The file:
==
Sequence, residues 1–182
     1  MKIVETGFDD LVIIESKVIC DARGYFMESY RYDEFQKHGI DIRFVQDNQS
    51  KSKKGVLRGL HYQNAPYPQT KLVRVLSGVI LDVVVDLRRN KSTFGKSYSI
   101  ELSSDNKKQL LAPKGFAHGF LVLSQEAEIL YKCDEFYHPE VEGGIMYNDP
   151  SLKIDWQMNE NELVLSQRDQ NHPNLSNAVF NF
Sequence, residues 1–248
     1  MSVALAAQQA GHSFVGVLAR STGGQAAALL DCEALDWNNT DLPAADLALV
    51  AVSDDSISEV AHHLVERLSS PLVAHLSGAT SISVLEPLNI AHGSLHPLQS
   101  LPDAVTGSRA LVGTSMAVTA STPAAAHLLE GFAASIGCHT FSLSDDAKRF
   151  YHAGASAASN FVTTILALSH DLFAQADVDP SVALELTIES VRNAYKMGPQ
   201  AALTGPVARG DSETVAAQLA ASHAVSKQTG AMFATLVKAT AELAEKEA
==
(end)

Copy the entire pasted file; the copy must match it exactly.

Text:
Sequence, residues 1–182
     1  MKIVETGFDD LVIIESKVIC DARGYFMESY RYDEFQKHGI DIRFVQDNQS
    51  KSKKGVLRGL HYQNAPYPQT KLVRVLSGVI LDVVVDLRRN KSTFGKSYSI
   101  ELSSDNKKQL LAPKGFAHGF LVLSQEAEIL YKCDEFYHPE VEGGIMYNDP
   151  SLKIDWQMNE NELVLSQRDQ NHPNLSNAVF NF
Sequence, residues 1–248
     1  MSVALAAQQA GHSFVGVLAR STGGQAAALL DCEALDWNNT DLPAADLALV
    51  AVSDDSISEV AHHLVERLSS PLVAHLSGAT SISVLEPLNI AHGSLHPLQS
   101  LPDAVTGSRA LVGTSMAVTA STPAAAHLLE GFAASIGCHT FSLSDDAKRF
   151  YHAGASAASN FVTTILALSH DLFAQADVDP SVALELTIES VRNAYKMGPQ
   201  AALTGPVARG DSETVAAQLA ASHAVSKQTG AMFATLVKAT AELAEKEA